Table 4. Gini decrease importance estimates for the factors in the logistic regression. Symmetry was deleted from the model because it is strongly correlated with shape class. The variable of highest importance in each column is indicated in red.
FactorFull ModelAndrenaAnthophora Sp.Apis melliferaChelostoma Sp.Halictus Sp.Hylaeus Sp.
Shape class0.05410.10911.3746.76221.0013.5070.854
Reproductive Unit0.0532.4276.7194.2827.9232.5671.578
Depth0.0468.8497.1217.84112.8412.79610.138
Corolla Segmentation0.0452.7453.9766.7672.6232.5221.258
Julian date0.0310.2270.9220.1910.6160.4180.814
Year0.0020.0440.8780.0730.5710.2800.848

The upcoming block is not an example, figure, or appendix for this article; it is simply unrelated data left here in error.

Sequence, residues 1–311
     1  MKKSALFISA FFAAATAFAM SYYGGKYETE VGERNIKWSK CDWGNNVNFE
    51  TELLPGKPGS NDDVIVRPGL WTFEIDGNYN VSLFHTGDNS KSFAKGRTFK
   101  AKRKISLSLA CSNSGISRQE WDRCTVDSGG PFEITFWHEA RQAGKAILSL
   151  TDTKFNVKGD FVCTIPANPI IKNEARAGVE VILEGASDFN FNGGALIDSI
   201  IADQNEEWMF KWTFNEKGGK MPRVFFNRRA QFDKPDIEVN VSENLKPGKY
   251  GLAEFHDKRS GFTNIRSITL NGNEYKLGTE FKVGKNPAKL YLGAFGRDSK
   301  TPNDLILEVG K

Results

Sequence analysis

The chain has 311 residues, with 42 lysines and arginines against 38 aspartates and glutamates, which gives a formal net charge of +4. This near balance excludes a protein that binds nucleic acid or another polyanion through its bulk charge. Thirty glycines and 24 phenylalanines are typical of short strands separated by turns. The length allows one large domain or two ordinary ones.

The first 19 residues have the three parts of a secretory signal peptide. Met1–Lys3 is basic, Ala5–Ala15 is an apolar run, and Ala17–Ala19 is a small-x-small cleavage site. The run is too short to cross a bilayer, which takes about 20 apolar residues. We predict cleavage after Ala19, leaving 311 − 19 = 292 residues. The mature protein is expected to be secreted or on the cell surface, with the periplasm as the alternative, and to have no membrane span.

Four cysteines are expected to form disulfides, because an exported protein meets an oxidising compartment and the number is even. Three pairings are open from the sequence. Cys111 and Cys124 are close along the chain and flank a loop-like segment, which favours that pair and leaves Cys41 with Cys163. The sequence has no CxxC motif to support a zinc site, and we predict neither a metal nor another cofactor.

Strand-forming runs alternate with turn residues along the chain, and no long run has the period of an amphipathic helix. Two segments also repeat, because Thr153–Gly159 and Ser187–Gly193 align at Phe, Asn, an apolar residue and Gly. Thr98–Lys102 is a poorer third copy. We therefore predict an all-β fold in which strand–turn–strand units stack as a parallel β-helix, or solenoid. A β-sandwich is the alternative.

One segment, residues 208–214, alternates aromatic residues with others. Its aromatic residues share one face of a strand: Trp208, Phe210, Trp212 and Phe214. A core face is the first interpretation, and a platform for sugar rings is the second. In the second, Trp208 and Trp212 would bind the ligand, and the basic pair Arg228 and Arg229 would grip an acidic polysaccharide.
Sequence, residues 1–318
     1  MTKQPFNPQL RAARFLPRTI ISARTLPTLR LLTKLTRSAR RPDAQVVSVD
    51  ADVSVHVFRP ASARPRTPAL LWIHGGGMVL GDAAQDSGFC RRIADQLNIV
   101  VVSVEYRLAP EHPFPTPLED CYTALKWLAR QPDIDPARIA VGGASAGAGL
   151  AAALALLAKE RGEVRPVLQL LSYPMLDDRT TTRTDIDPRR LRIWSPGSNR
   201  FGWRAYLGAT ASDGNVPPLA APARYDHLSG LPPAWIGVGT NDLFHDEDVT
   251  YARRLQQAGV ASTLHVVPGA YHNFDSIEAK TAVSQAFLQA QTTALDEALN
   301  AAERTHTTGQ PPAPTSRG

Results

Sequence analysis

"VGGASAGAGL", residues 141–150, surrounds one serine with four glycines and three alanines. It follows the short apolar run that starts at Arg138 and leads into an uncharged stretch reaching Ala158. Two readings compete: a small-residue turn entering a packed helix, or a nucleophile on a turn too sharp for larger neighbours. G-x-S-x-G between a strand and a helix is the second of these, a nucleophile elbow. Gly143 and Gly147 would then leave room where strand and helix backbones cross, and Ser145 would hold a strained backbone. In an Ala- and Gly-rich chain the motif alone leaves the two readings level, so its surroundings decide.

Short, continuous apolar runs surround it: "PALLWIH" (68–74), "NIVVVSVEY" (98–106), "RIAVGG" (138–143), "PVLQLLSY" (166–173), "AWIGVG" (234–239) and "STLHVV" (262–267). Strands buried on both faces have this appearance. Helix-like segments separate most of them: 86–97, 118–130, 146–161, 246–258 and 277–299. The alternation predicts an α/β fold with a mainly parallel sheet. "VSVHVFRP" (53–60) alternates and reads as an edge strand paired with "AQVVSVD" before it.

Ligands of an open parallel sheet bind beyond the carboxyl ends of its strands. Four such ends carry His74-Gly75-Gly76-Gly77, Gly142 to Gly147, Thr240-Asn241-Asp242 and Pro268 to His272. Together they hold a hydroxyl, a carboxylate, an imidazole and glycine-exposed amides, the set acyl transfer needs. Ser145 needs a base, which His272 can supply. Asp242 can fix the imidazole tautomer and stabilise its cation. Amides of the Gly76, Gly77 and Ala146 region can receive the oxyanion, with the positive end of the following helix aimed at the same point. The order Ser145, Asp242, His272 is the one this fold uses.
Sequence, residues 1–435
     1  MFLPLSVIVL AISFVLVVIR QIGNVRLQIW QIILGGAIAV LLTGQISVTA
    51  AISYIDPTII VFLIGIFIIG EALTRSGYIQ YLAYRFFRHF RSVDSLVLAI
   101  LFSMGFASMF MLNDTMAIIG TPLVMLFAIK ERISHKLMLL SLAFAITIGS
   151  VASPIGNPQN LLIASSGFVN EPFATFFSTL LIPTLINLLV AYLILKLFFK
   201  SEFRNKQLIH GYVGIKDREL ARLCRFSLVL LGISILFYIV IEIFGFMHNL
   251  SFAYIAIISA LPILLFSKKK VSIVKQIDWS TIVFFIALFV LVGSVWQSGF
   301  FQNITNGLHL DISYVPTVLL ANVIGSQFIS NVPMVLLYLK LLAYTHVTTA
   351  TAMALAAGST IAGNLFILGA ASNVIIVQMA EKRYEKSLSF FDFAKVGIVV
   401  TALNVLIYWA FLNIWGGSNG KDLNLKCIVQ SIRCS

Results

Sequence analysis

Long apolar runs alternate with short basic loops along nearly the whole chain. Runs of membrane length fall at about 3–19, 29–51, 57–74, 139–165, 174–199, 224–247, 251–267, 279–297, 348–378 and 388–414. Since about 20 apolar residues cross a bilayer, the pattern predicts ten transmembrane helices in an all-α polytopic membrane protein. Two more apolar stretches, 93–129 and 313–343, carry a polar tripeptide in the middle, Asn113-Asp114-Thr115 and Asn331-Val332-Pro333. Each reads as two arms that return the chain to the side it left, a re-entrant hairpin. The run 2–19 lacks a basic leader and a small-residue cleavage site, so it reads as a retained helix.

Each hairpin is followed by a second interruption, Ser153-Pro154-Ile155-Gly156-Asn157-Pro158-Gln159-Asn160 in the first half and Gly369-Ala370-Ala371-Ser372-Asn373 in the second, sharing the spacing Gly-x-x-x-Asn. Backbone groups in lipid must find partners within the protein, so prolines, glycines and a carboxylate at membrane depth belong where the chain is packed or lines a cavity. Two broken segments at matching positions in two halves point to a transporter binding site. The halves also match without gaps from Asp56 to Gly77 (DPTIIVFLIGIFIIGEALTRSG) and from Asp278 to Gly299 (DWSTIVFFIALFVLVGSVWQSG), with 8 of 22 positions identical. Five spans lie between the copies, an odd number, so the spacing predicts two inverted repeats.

Table 5. Numbers of flower visits observed by the six bee genera during the 2015–2016 field seasons. Bees are tabulated from small to large, according to their proboscis length.
Table 5. Numbers of flower visits observed by the six bee genera during the 2015–2016 field seasons. Bees are tabulated from small to large, according to their proboscis length.
Bee GenusNumber of Observations in the Visitation DatasetMean ± SE Proboscis Length (mm)Mean ± SE Thorax Width (mm)
Hyaelus400.481 ± 0.0411.523 ± 0.058
Andrena2680.997 ± 0.1401.884 ± 0.072
Halictus2811.861 ± 0.2512.213 ± 0.110
Chelostoma632.002 ± 0.3401.823 ± 0.103
Anthophora843.868 ± 0.9434.306 ± 0.143
Apis15524.006 ± 0.1544.376 ± 0.057